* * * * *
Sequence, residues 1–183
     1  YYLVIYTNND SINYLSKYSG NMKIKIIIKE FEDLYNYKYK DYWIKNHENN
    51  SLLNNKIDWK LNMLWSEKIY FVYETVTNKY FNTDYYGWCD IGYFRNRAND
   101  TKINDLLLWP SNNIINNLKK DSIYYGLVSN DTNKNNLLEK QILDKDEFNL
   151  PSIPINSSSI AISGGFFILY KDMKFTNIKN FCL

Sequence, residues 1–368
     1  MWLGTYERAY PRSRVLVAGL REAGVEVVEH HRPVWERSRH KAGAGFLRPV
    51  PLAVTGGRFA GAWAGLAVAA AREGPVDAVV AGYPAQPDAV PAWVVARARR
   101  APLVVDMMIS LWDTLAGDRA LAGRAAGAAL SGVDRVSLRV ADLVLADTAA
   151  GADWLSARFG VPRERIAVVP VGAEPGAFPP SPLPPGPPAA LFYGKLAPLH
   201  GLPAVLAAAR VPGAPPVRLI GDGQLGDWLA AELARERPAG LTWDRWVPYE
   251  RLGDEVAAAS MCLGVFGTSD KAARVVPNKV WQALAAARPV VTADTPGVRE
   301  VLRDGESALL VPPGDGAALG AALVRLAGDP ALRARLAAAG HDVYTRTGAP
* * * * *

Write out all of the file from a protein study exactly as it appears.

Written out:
Sequence, residues 1–183
     1  YYLVIYTNND SINYLSKYSG NMKIKIIIKE FEDLYNYKYK DYWIKNHENN
    51  SLLNNKIDWK LNMLWSEKIY FVYETVTNKY FNTDYYGWCD IGYFRNRAND
   101  TKINDLLLWP SNNIINNLKK DSIYYGLVSN DTNKNNLLEK QILDKDEFNL
   151  PSIPINSSSI AISGGFFILY KDMKFTNIKN FCL

Sequence, residues 1–368
     1  MWLGTYERAY PRSRVLVAGL REAGVEVVEH HRPVWERSRH KAGAGFLRPV
    51  PLAVTGGRFA GAWAGLAVAA AREGPVDAVV AGYPAQPDAV PAWVVARARR
   101  APLVVDMMIS LWDTLAGDRA LAGRAAGAAL SGVDRVSLRV ADLVLADTAA
   151  GADWLSARFG VPRERIAVVP VGAEPGAFPP SPLPPGPPAA LFYGKLAPLH
   201  GLPAVLAAAR VPGAPPVRLI GDGQLGDWLA AELARERPAG LTWDRWVPYE
   251  RLGDEVAAAS MCLGVFGTSD KAARVVPNKV WQALAAARPV VTADTPGVRE
   301  VLRDGESALL VPPGDGAALG AALVRLAGDP ALRARLAAAG HDVYTRTGAP